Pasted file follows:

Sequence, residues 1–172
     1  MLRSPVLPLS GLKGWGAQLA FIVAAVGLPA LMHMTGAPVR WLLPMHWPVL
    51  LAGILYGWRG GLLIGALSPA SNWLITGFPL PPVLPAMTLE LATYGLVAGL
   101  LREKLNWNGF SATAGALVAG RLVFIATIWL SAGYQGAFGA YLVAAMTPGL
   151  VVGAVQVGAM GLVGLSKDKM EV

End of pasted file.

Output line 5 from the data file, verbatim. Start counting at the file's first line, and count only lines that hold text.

   151  VVGAVQVGAM GLVGLSKDKM EV